9. Suh E. Allergic disease may increase the risk of atherosclerosis. Br Med J. 2006;61:299.
10. Knoflach M, Kiechl S, Mayr A, Willeit J, Poewe W, Wick G. Allergic rhinitis, asthma, and atherosclerosis in the Bruneck and ARMY studies. Arch Intern Med. 2005;165:2521–2526. [PubMed]
11. Barnes PJ. Mechanisms in COPD : Differences From Asthma. Chest. 2000;117:10S–14S. 10S-14. [PubMed]
12. Bell B, Rose CL, Damon A. The Normative Aging Study: An Interdisciplinary and longitudinal study of health and aging. Aging & Human Development. 1970;3:5.
13. Roberts WL, Moulton L, Law TC, Farrow G, Cooper-Anderson M, Savory J, et al. Evaluation of Nine Automated High-Sensitivity C-Reactive Protein Methods: Implications for Clinical and Epidemiological Applications. Part 2. Clin Chem. 2001;47:418–425. [PubMed]
14. Clauss A. Rapid physiological coagulation method in determination of fibrinogen. Acta Haematol. 1957;17:237–246. [PubMed]
15. Sun X, Ding H, Hung K, Guo B, Journals O. A new MALDI-TOF based mini-sequencing assay for genotyping of SNPS. Nucleic Acids Res. 2000;28:E68–e68. E68-e68. [PMC free article] [PubMed]
16. Lee LG, Connell CR, Bloch W. Allelic discrimination by nick-translation PCR with fluorogenic probes. Nucleic Acids Res. 1993;21:3761–3766. [PMC free article] [PubMed]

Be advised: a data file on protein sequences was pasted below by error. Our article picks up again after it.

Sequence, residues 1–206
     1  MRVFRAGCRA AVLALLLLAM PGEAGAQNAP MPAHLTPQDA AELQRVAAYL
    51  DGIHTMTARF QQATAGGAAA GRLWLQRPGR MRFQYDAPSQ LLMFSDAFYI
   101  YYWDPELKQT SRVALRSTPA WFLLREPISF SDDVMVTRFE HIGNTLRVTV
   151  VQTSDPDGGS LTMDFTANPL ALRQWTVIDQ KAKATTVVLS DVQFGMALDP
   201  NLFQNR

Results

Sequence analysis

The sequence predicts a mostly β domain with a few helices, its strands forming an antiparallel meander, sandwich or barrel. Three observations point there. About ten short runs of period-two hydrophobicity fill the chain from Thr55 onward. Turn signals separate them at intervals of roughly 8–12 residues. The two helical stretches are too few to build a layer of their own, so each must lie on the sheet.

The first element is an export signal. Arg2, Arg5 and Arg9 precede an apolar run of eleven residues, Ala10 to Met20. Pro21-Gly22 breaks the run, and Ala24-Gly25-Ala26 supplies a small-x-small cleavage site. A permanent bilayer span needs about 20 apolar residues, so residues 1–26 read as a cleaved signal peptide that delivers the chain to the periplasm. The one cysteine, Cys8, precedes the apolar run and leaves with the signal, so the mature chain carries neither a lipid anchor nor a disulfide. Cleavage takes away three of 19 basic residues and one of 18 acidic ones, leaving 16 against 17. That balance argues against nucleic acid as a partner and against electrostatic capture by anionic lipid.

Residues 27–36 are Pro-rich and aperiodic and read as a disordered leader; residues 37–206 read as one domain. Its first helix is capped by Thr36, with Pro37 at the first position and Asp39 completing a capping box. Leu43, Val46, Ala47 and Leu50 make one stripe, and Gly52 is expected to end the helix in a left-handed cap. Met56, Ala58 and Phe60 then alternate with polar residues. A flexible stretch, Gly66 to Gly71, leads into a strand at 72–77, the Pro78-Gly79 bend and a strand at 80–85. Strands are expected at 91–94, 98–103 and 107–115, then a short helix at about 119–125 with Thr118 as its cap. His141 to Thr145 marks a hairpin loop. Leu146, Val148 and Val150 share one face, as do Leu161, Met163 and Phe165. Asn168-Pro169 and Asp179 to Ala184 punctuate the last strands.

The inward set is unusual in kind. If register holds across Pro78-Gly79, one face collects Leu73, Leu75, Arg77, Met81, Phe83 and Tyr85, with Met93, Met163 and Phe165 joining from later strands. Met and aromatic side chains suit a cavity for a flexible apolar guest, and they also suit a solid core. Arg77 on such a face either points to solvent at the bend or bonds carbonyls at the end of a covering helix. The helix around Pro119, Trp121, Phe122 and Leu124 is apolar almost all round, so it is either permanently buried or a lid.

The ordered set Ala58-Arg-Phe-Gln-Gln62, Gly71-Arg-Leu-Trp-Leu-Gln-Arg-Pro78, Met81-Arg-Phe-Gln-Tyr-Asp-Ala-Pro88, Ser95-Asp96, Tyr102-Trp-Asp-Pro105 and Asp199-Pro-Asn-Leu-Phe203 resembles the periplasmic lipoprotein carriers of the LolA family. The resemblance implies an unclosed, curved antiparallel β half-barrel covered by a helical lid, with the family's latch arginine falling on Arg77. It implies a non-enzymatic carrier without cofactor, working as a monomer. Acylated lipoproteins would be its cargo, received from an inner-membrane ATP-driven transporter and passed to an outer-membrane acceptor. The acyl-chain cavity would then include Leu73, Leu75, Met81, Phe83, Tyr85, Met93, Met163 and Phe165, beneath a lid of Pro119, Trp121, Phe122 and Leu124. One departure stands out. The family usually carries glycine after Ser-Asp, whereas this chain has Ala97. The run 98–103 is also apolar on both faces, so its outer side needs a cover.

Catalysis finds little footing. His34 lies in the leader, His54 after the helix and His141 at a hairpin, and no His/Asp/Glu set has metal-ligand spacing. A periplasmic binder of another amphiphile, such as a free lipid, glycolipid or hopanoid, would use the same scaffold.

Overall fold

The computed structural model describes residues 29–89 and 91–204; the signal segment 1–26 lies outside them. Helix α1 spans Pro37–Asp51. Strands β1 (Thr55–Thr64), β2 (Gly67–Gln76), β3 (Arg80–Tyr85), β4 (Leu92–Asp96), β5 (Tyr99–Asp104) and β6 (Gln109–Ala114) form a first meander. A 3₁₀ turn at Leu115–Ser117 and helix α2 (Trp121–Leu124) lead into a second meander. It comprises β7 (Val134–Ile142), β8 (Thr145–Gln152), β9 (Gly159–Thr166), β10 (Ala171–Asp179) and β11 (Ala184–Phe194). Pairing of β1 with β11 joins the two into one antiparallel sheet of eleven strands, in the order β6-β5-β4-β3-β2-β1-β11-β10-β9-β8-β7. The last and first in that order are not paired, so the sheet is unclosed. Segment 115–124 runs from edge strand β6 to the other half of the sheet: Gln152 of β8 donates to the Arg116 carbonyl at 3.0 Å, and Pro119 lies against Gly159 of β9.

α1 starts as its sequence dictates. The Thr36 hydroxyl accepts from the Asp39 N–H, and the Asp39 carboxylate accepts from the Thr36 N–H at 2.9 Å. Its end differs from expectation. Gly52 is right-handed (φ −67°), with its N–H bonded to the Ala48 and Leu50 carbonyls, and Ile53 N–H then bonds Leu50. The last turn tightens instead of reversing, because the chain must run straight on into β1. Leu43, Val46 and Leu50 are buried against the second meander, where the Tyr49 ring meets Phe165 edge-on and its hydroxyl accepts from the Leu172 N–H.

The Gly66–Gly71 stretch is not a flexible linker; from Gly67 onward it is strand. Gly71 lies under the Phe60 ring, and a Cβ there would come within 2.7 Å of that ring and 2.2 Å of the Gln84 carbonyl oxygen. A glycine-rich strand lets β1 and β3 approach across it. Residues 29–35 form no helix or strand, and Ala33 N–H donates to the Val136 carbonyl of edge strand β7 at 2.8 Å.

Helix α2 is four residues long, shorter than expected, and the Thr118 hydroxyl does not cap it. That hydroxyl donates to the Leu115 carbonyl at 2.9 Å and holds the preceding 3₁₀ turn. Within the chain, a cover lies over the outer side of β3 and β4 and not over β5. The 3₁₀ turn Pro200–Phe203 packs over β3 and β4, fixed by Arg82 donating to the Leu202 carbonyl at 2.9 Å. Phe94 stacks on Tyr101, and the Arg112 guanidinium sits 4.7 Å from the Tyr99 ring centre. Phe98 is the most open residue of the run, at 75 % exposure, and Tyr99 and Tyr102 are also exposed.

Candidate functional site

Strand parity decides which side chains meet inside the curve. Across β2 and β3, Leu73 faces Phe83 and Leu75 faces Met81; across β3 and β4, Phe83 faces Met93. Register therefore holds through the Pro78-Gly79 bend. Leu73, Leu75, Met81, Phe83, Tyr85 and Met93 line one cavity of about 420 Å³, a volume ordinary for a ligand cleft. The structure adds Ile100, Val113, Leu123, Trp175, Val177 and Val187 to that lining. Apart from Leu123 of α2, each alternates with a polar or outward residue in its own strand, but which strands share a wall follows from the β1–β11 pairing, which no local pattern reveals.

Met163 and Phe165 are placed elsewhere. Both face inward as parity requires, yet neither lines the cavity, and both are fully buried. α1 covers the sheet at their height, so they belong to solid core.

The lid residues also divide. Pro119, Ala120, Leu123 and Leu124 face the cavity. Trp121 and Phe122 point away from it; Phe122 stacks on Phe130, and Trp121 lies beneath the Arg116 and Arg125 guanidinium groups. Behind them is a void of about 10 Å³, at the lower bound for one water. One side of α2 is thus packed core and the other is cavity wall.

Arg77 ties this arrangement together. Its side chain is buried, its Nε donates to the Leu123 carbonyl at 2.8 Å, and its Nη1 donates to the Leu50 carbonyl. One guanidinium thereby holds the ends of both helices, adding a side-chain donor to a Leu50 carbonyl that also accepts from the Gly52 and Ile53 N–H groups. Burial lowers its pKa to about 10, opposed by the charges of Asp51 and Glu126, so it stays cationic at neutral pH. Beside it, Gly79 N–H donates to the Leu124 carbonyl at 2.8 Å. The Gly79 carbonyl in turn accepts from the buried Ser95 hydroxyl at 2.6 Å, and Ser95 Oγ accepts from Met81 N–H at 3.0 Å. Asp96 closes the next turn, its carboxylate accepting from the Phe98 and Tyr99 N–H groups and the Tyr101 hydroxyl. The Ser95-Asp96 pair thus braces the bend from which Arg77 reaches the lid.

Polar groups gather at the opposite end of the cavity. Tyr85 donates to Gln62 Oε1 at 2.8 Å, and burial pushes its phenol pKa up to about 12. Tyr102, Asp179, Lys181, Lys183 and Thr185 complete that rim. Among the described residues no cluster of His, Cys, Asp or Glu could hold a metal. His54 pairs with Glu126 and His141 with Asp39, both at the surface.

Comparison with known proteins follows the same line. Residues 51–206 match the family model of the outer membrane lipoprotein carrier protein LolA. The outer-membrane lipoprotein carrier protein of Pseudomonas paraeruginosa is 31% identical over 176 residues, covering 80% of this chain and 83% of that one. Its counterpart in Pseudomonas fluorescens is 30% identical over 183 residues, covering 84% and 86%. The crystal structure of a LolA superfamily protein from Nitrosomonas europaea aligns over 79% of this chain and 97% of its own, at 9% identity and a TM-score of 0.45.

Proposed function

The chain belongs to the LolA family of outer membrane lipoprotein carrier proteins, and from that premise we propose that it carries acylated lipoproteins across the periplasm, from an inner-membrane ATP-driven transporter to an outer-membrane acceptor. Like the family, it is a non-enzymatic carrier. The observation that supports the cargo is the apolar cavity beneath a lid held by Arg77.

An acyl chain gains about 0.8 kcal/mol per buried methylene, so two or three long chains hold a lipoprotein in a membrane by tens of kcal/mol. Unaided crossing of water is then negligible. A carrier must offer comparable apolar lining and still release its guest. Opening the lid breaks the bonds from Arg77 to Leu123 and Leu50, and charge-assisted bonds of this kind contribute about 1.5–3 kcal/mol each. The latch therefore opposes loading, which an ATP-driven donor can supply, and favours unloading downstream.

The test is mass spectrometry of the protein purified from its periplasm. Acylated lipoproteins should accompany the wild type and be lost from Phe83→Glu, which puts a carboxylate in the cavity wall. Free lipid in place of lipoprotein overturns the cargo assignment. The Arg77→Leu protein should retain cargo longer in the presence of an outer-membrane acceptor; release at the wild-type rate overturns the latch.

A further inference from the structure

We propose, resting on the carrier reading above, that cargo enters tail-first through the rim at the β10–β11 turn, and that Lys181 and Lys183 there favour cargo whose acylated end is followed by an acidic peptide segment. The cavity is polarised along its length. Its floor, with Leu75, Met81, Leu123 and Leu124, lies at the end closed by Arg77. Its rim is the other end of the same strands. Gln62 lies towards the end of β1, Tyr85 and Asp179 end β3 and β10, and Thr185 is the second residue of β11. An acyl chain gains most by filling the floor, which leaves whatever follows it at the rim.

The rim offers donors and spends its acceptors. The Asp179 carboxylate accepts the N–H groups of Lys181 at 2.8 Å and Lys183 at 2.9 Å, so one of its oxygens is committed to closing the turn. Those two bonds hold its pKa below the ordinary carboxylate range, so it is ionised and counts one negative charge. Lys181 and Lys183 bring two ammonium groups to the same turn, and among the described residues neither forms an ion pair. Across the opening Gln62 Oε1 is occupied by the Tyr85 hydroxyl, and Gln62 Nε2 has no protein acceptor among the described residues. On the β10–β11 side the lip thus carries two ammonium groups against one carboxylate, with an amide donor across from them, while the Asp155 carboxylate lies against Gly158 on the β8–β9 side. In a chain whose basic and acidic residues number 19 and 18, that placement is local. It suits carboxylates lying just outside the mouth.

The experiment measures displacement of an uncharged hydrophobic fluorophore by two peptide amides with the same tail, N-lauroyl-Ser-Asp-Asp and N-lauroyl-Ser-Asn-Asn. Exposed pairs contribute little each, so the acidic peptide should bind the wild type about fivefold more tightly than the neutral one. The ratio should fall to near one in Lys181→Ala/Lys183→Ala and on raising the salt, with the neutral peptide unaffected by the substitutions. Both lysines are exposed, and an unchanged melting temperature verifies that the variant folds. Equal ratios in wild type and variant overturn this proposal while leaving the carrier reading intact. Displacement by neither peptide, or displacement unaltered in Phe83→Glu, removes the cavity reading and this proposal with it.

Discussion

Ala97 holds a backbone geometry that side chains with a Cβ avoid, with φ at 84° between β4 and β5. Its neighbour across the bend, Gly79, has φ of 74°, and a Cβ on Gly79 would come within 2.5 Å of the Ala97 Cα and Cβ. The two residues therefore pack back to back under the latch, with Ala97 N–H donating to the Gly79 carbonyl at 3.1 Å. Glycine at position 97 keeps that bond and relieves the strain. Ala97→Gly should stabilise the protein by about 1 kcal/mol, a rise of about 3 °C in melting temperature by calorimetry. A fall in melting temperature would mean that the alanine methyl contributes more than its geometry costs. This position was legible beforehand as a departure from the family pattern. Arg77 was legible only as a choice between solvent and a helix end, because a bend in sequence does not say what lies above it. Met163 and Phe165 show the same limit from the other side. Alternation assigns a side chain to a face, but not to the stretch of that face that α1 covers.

17. Purcell S, Neale B, Todd-Brown K, Thomas L, Ferreira MA, Bender D, et al. PLINK: a tool set for whole-genome association and population-based linkage analyses. Am J Hum Genet. 2007;81:559–575. [PubMed]
18. Schwartz J, Park SK, O'Neill MS, Vokonas PS, Sparrow D, Weiss S, et al. Glutathione-S-transferase M1, obesity, statins, and autonomic effects of particles: gene-by-drug-by-environment interaction. Am J Respir Crit Care Med. 2005;172:1529–1533. [PMC free article] [PubMed]
19. Pearson TA, Mensah GA, Alexander RW, Anderson JL, Cannon RO, 3rd, Criqui M, et al. Markers of inflammation and cardiovascular disease: application to clinical and public health practice: A statement for healthcare professionals from the Centers for Disease Control and Prevention and the American Heart Association. Circulation. 2003;107:499–511. [PubMed]